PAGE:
Photo Of The Day

Photo: Associated Press

Photo: Associated Press

Space Shuttle Challenger

Exploded 29 Years Ago 

The intact crew cabin was seen exiting the cloud by a tracking camera after its trajectory carried it across an adjacent contrail. The Red Circle on the photo is indicating the crew cabin.

NASA has paid tribute to the crews of Apollo 1 and space shuttles Challenger and Columbia on its annual Day of Remembrance. Jan. 28, it marks the 29th anniversary of the space shuttle Challenger disaster that left seven astronauts dead. Challenger’s launch had been delayed several times. Ultimately, its mission lasted just 1 minute and 13 seconds. It traveled 18 miles.

The crew cabin, made of reinforced aluminum, was a particularly robust section of the shuttle. During vehicle breakup, it detached in one piece and slowly tumbled into a ballistic arc. NASA estimated the load factor at separation to be between 12 and 20 g; within two seconds it had already dropped to below 4 g and within ten seconds the cabin was in free fall. The forces involved at this stage were likely insufficient to cause major injury.

At least some of the astronauts were likely alive and at least briefly conscious after the breakup, as three of the four recovered Personal Egress Air Packs (PEAPs) on the flight deck were found to have been activated. Investigators found their remaining unused air supply roughly consistent with the expected consumption during the 2 minute 45 second post-breakup trajectory.

While analyzing the wreckage, investigators discovered that several electrical system switches on Pilot Mike Smith’s right-hand panel had been moved from their usual launch positions. Fellow Astronaut Richard Mullane wrote, “These switches were protected with lever locks that required them to be pulled outward against a spring force before they could be moved to a new position.” Later tests established that neither force of the explosion nor the impact with the ocean could have moved them, indicating that Smith made the switch changes, presumably in a futile attempt to restore electrical power to the cockpit after the crew cabin detached from the rest of the orbiter.

Whether the astronauts remained conscious long after the breakup is unknown, and largely depends on whether the detached crew cabin maintained pressure integrity. If it did not, the time of useful consciousness at that altitude is just a few seconds; the PEAPs supplied only unpressurized air, and hence would not have helped the crew to retain consciousness. If, on the other hand, the cabin was not depressurized or only slowly depressurizing, the astronauts may have been conscious for the entire fall until impact.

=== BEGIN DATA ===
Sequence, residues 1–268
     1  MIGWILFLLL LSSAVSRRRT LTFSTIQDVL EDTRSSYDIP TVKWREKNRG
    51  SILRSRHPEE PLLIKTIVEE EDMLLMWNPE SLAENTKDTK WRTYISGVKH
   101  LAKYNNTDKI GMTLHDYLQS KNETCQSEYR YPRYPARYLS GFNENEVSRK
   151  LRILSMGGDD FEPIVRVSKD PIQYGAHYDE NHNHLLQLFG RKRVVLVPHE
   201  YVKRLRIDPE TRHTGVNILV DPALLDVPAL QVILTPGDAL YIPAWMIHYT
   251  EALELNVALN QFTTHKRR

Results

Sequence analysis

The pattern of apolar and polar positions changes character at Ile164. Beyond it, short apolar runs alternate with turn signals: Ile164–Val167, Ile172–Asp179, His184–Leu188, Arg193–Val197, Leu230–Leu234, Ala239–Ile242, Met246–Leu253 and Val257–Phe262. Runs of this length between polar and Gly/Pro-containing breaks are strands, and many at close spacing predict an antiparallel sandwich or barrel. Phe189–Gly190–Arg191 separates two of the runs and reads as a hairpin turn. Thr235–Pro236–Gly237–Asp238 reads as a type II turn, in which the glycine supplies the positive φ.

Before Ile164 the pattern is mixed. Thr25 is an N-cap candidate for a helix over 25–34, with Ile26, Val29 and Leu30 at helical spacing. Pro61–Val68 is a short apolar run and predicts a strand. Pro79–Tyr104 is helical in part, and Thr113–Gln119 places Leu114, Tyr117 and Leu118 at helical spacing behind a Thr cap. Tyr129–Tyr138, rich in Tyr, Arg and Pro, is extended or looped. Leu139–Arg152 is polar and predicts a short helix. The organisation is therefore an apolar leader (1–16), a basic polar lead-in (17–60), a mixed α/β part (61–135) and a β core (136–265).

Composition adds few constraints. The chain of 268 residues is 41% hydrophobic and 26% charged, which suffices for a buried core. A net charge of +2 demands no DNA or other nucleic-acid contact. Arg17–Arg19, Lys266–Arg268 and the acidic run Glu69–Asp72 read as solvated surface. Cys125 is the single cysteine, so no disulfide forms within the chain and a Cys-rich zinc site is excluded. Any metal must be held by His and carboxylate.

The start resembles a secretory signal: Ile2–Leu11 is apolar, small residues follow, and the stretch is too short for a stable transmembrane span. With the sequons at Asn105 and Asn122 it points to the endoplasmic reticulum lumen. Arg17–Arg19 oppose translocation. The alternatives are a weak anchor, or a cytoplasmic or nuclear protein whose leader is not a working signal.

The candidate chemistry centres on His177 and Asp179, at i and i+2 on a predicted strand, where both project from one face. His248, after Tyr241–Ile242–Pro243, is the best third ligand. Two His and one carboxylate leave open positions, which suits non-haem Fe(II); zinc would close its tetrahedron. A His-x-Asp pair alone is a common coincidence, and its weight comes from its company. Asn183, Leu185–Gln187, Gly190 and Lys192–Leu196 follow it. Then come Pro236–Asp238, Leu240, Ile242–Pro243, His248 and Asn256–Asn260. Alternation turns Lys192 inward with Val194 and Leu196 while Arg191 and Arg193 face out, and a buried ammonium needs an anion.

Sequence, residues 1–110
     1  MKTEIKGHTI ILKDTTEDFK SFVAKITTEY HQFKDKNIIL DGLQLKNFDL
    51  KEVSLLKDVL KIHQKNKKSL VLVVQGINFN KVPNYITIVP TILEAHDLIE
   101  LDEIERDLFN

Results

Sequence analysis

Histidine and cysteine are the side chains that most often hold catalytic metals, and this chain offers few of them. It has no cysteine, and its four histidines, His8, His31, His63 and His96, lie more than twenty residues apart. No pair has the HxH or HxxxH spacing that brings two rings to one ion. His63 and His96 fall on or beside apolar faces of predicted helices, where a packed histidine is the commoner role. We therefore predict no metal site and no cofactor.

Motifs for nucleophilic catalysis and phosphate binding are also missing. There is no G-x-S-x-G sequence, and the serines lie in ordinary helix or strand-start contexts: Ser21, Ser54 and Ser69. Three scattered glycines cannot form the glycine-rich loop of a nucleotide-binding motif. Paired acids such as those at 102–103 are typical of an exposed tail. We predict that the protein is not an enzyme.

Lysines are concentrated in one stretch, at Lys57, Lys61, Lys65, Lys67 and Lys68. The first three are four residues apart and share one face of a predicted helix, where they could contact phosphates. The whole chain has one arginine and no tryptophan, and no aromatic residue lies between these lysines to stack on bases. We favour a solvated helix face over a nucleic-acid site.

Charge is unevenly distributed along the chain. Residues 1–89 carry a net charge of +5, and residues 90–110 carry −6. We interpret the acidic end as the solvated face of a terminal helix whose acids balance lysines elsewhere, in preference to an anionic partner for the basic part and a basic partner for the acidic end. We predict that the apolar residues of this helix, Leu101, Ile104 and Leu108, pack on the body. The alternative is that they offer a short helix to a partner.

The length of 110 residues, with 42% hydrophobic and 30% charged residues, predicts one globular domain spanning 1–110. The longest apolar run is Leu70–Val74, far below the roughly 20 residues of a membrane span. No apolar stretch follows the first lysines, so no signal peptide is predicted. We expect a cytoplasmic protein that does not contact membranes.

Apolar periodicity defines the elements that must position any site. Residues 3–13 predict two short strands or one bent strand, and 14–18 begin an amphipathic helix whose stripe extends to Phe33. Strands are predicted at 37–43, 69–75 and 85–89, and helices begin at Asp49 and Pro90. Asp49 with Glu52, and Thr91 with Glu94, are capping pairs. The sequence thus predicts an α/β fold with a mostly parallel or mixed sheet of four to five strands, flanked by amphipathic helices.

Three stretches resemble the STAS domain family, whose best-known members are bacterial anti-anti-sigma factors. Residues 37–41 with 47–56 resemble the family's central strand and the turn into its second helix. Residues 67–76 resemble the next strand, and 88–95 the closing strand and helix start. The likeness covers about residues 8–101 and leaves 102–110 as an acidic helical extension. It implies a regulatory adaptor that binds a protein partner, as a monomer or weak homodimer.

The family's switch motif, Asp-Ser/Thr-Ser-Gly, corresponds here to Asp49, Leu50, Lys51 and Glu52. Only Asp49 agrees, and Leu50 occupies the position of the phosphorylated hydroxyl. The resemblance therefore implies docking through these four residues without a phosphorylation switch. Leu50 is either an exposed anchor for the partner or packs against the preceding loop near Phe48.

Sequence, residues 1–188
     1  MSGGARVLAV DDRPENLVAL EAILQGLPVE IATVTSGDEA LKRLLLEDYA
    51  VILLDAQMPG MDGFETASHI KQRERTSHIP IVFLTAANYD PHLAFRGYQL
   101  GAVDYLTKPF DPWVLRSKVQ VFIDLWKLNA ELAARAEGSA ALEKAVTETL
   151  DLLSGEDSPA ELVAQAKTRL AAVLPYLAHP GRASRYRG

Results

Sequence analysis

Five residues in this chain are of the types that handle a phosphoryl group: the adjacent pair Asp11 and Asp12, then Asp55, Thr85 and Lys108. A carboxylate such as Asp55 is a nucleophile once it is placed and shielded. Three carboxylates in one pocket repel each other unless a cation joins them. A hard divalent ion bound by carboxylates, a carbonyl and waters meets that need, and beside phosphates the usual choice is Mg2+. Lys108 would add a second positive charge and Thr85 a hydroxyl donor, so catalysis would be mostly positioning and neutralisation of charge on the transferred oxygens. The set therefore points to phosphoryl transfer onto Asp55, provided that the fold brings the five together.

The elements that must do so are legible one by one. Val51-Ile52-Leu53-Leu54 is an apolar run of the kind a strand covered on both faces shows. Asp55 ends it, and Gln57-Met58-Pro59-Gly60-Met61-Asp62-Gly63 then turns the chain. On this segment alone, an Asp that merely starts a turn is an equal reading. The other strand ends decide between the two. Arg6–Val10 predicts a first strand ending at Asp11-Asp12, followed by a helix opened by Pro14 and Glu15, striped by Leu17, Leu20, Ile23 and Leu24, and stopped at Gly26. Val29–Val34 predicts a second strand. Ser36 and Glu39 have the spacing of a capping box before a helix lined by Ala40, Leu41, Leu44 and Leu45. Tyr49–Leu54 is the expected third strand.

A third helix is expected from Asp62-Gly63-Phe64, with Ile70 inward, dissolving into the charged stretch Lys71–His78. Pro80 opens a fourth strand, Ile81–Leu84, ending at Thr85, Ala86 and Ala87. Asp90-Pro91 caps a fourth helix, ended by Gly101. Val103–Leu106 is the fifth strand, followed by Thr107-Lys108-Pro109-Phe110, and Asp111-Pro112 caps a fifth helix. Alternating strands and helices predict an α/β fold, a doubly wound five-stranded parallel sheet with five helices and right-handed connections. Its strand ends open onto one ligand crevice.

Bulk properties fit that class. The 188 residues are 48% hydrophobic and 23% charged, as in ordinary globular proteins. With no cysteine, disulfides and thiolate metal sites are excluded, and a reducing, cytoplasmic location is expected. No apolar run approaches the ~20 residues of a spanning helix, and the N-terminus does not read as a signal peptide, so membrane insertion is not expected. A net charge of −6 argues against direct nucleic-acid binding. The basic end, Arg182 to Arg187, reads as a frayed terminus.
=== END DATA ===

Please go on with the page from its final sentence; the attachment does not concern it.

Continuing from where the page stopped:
NASA routinely trained shuttle astronauts for splashdown events, but the cabin hit the ocean surface at roughly 207 mph (333 km/h), with an estimated deceleration at impact of well over 200 g, far beyond the structural limits of the crew compartment or crew survivability levels.

On July 28, 1986, Rear Admiral Richard H. Truly, NASA’s Associate Administrator for Space Flight and a former astronaut, released a report from Joseph P. Kerwin, biomedical specialist from the Johnson Space Center in Houston, relating to the deaths of the astronauts in the accident. Kerwin, a veteran of the Skylab 2 mission, had been commissioned to undertake the study soon after the accident. According to the Kerwin Report:

The findings are inconclusive. The impact of the crew compartment with the ocean surface was so violent that evidence of damage occurring in the seconds which followed the disintegration was masked. Our final conclusions are:

  • The cause of death of theChallenger astronauts cannot be positively determined;
  • The forces to which the crew were exposed during Orbiter breakup were probably not sufficient to cause death or serious injury; and
  • The crew possibly, but not certainly, lost consciousness in the seconds following Orbiter breakup due to in-flight loss of crew module pressure.

Some experts believe most if not all of the crew were alive and possibly conscious during the entire descent until impact with the ocean. Astronaut and NASA lead accident investigator Robert Overmyer said “Scob fought for any and every edge to survive. He flew that ship without wings all the way down… they were alive.

NASA is hosting special content on its site to pay tribute to the fallen astronauts. View the content here.

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  • ElFonz

    Cool story, needs more dragons…

  • Murray Smith

    And here was I thinking it was a photo of the Labour party after the last election.
    Silly old me !

    • Wallace Westland

      That was an implosion!

  • virtualmarknz

    One of those “I’ll always remember where I was when it happened” events.

  • phronesis

    Need Another Seven Astronauts.

  • SlightlyStrange

    I totally never realised that the crew cabin didn’t explode with the rest of the shuttle.
    But then, I wasn’t even 2 at the time it happened, so its one of those things I’ve always known OF, but not known much about.
    How terrifying if they all survived. A bit like when I heard that the Air France flight that was lost out of South America appeared to have had a survivable fall until near impact.

  • AndrewML

    Truly brave pioneers of space travel, and should be honored.

  • Stuarts.burgers

    Lux Thanks again for not only a great photo but also the back story.
    It has been my wrong impression for 29 years that Sally Ride etc were lost at the point of explosion, as I read to days back story I could not imagine what it must have been like inside the crew cabin as it crashed to earth.
    I would hope that the Kerwin Report was correct but we will never know if in fact Robert Overmyer was correct .

    • Builder

      Presumably no cockpit voice recorder?

  • Phil

    I agree